The stinker Tuuka Rask authored in the Bruins’ regular season finale at TD Garden Saturday didn’t mean a thing in the standings and won’t sway the feelings of the lightning-rod goalie’s detractors and defenders.
Those who fall into the first camp will say that he was in typical spring form and setting the stage for a performance reminiscent of 2014, the year the Bruins won the President’s Cup and lost in seven games to the Canadiens in the second round of the playoffs.
His advocates will point out that he had no incentive to play well, and when the playoffs start he’ll perform the way he did in a sweep of the favored Penguins in the 2013 Eastern Conference finals.
There is no in between, it seems, with Rask, a love-him or hate-him talent who keeps the puck out of the net with the best of them when he’s on one of his tears. Don’t forget, he produced a 19-game point streak starting Jan. 1 of this season and a 21-game point streak last season.
Rask’s highlight of the Bruins’ 6-3 loss to the Lightning yesterday came before the game, when he was honored on the ice with his wife and their two children and presented with a painting. Then he had a beauty of a kick save in a strong first period that ended with the Bruins on top.
In retrospect, that probably would have been a nice time to pull Rask, who surrendered five goals and watched from the bench as another was rifled into an empty net.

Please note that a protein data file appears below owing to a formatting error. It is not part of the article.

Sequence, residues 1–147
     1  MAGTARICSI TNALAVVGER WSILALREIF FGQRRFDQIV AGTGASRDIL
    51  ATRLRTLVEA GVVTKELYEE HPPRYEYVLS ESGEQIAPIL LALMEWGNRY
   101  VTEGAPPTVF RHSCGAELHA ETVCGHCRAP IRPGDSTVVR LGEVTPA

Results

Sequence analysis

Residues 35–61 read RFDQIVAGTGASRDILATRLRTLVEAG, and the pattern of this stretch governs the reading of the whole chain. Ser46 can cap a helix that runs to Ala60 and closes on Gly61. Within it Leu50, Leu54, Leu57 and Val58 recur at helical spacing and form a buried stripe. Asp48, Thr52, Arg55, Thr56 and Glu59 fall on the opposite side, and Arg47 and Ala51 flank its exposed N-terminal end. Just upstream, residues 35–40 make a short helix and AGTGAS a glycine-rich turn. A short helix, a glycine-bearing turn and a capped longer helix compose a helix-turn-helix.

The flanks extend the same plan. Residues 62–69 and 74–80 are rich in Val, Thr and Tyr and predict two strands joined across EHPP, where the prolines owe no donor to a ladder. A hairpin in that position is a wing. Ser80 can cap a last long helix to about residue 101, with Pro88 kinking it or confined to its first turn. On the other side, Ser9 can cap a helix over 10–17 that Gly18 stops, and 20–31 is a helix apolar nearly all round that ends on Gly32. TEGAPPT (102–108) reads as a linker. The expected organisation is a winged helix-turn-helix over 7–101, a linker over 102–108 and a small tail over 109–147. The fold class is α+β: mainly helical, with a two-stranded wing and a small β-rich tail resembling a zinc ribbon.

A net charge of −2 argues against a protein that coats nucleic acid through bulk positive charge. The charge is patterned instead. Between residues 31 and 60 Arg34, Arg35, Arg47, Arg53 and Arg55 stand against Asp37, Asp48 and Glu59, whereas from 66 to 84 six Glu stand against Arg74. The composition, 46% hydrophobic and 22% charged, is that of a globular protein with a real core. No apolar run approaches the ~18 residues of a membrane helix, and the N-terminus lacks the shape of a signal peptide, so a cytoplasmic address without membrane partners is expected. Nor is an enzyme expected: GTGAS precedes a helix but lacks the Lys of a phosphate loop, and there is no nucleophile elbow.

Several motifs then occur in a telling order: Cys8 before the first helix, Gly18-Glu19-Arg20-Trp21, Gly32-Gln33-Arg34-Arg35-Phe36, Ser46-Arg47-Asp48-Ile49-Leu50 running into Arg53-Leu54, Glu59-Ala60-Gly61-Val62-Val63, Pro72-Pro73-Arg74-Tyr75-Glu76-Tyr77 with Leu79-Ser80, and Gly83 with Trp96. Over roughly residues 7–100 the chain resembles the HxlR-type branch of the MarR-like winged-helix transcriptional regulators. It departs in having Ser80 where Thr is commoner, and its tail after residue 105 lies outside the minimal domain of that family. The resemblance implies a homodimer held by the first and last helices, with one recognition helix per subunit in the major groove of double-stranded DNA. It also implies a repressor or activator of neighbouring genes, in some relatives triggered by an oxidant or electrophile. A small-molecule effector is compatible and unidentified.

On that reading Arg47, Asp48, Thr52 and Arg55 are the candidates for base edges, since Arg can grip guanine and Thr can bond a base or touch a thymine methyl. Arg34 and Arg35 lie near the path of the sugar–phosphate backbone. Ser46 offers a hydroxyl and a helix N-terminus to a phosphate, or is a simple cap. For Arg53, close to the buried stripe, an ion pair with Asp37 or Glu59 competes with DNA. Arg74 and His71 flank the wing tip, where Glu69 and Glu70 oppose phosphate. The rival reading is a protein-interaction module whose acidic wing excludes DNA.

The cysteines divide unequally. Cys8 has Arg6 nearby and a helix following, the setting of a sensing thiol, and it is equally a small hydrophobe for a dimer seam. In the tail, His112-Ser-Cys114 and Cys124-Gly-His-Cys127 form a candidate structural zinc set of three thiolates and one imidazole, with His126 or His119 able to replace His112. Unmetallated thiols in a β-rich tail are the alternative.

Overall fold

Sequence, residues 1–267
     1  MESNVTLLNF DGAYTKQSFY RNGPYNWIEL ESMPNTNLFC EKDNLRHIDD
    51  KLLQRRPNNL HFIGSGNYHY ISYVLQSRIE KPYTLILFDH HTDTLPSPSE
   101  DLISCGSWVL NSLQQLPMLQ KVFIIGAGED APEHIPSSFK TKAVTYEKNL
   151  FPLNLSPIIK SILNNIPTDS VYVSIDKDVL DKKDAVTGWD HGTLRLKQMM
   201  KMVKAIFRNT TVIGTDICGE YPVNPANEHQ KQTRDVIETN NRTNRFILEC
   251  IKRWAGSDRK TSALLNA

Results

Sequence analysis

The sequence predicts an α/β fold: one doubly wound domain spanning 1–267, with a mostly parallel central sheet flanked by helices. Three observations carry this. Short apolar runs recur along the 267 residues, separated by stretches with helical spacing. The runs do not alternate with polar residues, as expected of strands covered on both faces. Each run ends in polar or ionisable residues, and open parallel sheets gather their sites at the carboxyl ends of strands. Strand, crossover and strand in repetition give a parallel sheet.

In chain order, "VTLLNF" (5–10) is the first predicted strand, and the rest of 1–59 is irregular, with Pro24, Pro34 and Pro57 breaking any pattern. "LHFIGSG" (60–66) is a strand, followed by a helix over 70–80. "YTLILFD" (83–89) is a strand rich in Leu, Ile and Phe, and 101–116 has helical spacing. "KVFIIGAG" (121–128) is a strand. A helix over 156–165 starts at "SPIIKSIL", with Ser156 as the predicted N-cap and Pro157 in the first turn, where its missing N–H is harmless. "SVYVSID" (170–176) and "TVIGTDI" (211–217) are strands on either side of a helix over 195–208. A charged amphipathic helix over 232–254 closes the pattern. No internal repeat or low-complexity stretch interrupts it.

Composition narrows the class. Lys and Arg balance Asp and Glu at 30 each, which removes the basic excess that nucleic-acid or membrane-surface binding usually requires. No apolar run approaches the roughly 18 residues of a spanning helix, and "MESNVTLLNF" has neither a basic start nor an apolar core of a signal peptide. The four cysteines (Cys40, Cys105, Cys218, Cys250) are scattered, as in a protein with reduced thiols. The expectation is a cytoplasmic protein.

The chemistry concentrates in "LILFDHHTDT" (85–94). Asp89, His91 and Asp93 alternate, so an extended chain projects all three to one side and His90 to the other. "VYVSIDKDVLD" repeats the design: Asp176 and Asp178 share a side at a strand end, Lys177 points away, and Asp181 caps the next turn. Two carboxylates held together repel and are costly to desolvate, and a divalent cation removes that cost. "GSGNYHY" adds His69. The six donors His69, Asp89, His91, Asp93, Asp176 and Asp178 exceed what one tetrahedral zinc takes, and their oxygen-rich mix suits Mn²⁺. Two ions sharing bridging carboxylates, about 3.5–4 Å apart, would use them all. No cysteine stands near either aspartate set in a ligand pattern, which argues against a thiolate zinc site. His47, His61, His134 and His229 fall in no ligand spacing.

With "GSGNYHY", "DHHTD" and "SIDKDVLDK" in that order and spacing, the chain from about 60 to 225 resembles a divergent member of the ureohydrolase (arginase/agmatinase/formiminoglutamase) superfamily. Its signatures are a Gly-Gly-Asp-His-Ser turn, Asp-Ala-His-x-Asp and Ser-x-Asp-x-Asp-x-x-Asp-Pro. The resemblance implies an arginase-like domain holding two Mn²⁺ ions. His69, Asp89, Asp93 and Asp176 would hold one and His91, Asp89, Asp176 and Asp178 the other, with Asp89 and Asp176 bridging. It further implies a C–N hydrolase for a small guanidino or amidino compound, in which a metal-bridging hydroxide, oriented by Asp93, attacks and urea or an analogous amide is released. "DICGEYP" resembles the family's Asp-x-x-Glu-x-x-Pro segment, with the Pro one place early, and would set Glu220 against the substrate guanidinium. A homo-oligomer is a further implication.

Rask illustrated the day’s absence of urgency during and after the game.
“I mean, it’s kind of like a pond hockey game,” Rask said. “Guys are just tossing the pucks. Try not to stress about it because it doesn’t mean anything.”
Bruins coach Bruce Cassidy, never one to shy from leaving the varnish off of his postgame comments, expressed a similar view.
“I don’t think he’s that concerned about it, other than he’s a professional and wants to play well every time he’s in the net,” Cassidy said. “We gave up two breakaway goals, so some of that you’ve got to be better in front of him.”
Even so, not a strong effort, but all that matters is that not a trace of it remains with Rask for the first-round playoff series against the Maple Leafs.
“I believe he’ll be ready to go Thursday and in good form, but that’s why we play the games,” Cassidy said. “We’ll find out.”
Two more periods similar to the first would have left no doubt that Rask is sharp and ready to go for the playoffs, but it didn’t happen. He did, however, play well in the last game that mattered, the 6-2 home-ice clincher in Columbus four days earlier.
In much the same way that an underrated player has been labeled as such for so long that he actually becomes overrated, it has become so fashionable to say that home ice doesn’t mean much in hockey that its impact actually has become underrated.
It’s all about having a hot goalie is a common explanation for why home ice is not important. Well, true, except that goalies typically would prefer to be at home. Even after Rask’s effort worthy of pond hockey in the finale, his goals-against average was better at home (2.32) than on the road (2.65). It must be comforting for Rask and the rest of the Bruins to know that if there is a Game 7 vs. the Leafs it will be in the Garden.
Rask’s pregame routine won’t be disrupted with any presentations before that one.
“I think it was great. I didn’t know what to expect,” he said. “Your family’s out there, you’re hugging your wife and kids right before the faceoff. So it’s kind of like mixed emotions, but I think it was a great gesture by the Bruins. It will be up on my wall somewhere. Great memories, for sure.”
As for the rest of the night, he needs to forget it.